By Erika Mathieu
Sunny South News
Coaldale town council is exploring ways to move forward after a recent Municipal Accountability Program (MAP) report.
At Coaldale town council’s regular meeting on Oct. 12, council discussed the response plan from the MAP report. Earlier this year, the province denied a request for a municipal inspection. Instead, the Town of Coaldale took part in the Municipal Accountability Program.
Chief Administrative Officer, Kalen Hastings, detailed the itemized list of the report findings, and the Town’s response plan to implement solutions. MAP highlighted 10 key points in their findings and have allowed the Town one year to complete all items set forth by Municipal Affairs.
One MAP finding asserts the Town did not have a bylaw giving authorization to the CAO or designated officer to consolidate one or more bylaws.
“The most pragmatic way to approach this would be to amend the council and procedural bylaw to include that clerical, typographical, and grammatical errors in bylaws may be corrected by the department of legislative services and may consolidate all amendments into a single bylaw.”
Hastings says several other items detailed on the report have since been rectified. Municipal Affairs determined that each councillor is required to vote on a matter unless they were absent from a public hearing or if a councillor declares a conflict of pecuniary interest. The example highlighted in the report references an incident where a councillor did not vote in favour of a motion to approve the minutes because they weren’t at that meeting.
“Municipal Affairs advises that you still have to vote on the minute even if you weren’t at the actual meeting,” stated Hastings.
The report also highlighted that when council enters closed sessions, there must be a recorded statement of the statutory basis to enter a closed session. Hastings noted the template for the resolution was a practice implemented by council, soon after the item became flagged, and on July 12, 2021, a change to how the motion to go into closed session was restructured to be in accordance with the Municipal Government Act.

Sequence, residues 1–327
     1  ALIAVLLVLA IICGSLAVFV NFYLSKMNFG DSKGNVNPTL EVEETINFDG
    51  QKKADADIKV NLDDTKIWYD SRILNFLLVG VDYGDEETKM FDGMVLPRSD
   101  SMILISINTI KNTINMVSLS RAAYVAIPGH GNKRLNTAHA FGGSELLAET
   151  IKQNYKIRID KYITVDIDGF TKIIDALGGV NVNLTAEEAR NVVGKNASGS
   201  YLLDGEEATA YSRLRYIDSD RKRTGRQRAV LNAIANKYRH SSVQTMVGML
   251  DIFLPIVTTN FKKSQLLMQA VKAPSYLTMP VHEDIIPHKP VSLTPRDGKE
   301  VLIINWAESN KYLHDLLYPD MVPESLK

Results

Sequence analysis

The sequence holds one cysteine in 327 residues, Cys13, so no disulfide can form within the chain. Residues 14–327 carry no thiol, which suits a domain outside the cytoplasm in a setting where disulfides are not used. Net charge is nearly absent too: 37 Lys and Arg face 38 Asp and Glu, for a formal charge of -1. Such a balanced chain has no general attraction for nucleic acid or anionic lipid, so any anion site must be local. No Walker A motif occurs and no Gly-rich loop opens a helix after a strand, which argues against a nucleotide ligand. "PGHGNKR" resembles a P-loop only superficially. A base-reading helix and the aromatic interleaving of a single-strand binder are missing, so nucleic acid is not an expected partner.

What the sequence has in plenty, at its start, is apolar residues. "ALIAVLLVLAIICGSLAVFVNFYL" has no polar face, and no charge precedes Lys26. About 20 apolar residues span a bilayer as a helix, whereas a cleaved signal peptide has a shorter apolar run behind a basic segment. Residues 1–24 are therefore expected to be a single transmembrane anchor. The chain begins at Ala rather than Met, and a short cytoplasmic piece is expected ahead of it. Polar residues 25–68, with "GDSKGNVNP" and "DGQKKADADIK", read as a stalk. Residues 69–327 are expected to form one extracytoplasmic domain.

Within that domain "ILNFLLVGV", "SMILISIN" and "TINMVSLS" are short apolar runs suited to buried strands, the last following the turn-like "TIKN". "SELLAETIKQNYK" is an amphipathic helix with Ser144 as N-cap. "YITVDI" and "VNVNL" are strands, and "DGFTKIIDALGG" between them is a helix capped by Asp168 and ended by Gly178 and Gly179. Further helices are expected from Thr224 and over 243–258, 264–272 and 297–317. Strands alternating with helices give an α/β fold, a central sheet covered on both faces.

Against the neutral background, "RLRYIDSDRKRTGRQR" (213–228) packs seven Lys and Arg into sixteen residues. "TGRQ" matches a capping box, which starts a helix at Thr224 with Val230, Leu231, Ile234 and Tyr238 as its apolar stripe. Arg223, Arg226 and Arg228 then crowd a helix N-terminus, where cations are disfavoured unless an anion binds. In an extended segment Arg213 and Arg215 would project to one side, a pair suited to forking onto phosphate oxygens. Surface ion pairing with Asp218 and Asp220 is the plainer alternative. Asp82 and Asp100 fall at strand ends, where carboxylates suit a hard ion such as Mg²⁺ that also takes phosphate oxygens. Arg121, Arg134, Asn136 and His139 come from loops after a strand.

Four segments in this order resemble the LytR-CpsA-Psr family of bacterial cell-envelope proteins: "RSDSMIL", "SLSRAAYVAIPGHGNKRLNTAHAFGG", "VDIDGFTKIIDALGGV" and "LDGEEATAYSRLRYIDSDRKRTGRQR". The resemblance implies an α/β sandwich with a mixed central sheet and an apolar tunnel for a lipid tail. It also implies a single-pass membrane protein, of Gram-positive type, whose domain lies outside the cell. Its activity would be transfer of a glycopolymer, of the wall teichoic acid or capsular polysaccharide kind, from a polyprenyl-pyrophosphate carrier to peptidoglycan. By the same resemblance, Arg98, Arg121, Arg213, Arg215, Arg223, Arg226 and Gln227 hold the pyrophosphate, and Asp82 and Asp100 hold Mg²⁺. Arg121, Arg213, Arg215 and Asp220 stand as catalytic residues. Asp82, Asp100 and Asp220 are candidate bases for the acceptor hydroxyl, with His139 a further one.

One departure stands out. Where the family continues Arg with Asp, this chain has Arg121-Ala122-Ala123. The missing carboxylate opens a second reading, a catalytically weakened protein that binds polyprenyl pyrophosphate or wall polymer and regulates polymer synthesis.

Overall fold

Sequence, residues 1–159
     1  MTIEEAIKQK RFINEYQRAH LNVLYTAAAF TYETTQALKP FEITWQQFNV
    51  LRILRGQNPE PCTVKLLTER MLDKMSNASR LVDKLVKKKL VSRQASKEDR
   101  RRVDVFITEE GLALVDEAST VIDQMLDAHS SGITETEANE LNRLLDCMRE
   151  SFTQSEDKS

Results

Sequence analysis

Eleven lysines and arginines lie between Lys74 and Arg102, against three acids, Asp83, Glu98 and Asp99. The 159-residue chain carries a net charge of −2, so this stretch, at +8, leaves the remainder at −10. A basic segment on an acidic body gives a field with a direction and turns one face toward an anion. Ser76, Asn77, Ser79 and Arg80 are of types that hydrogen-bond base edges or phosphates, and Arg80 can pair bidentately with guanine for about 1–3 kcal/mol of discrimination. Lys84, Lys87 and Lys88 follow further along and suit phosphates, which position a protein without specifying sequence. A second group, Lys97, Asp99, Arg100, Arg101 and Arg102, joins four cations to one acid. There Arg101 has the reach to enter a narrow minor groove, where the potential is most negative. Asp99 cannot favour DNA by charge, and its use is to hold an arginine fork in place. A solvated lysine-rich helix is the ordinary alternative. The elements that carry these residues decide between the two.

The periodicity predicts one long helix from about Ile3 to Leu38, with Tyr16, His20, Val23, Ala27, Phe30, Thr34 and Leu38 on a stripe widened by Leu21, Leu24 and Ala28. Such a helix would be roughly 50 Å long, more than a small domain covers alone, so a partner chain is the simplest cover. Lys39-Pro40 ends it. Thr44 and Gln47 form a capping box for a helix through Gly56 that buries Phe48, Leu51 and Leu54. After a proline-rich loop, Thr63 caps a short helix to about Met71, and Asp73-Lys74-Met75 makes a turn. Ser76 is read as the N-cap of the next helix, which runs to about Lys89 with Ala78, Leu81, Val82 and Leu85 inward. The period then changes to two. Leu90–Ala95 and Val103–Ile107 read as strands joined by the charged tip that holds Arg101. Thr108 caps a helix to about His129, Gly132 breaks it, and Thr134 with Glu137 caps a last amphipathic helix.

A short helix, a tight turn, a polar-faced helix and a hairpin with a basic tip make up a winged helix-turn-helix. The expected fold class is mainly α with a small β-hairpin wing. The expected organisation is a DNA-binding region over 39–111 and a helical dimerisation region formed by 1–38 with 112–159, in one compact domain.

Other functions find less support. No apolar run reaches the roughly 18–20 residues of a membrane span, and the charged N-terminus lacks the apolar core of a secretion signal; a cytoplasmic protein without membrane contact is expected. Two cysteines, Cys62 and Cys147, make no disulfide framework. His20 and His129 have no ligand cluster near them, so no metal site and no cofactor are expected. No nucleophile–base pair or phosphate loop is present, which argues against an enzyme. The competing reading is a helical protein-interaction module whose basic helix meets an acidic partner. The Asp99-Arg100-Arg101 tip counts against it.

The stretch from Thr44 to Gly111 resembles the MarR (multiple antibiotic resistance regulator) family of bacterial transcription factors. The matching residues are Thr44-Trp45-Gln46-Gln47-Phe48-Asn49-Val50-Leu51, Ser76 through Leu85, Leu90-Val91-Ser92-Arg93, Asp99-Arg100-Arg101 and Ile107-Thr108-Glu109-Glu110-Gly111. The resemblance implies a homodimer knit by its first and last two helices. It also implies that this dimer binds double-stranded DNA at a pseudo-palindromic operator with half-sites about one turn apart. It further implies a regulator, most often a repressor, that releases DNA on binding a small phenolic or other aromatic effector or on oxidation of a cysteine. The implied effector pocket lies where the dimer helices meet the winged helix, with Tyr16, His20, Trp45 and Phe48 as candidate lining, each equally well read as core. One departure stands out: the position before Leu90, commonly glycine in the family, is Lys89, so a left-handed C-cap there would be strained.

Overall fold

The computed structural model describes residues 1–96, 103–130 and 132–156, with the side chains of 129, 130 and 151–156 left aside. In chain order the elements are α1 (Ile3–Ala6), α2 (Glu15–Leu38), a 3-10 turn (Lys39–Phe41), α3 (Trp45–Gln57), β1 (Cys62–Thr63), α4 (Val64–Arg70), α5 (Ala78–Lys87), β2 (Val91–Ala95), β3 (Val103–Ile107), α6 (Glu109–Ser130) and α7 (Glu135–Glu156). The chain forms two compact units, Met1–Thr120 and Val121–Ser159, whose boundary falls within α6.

Hastings reported that several of the report findings appeared to be frequent oversights among other municipalities as well. In speaking with other Chief Administrative Officers in communities with populations under 2,500, Hastings said, “they asked, ‘oh did (municipal affairs) get you on the office location and banking institution?’ I think looking at that anecdote, it shows that some of these issues that are in here are not that uncommon or significant.”
The report highlighted the Town had not appointed a designated financial institution or designated Town office building which have since been rectified.
One such item was an oversight on the part of Municipal Affairs. The report indicated that the town did not meet the legislative requirements with respect to, “the listing and publishing policies that are used to make planning decisions.”
Municipal Affairs recommended for the Town’s website to be updated to include a document summarizing the policies and their relationship to each other in accordance with legislative requirements. Hastings told council this requirement is visible and present on the website, but was missed by Municipal Affairs in the initial audit.
Based on the report and feedback given by Municipal Affairs, Hastings stated, “there were no materially significant items, just common loose ends, which won’ take much time or money to correct.”